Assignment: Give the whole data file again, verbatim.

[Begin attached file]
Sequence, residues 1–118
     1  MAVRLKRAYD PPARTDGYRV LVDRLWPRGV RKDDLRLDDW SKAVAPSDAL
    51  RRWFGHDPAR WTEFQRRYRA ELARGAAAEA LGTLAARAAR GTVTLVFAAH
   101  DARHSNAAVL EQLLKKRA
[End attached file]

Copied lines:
Sequence, residues 1–118
     1  MAVRLKRAYD PPARTDGYRV LVDRLWPRGV RKDDLRLDDW SKAVAPSDAL
    51  RRWFGHDPAR WTEFQRRYRA ELARGAAAEA LGTLAARAAR GTVTLVFAAH
   101  DARHSNAAVL EQLLKKRA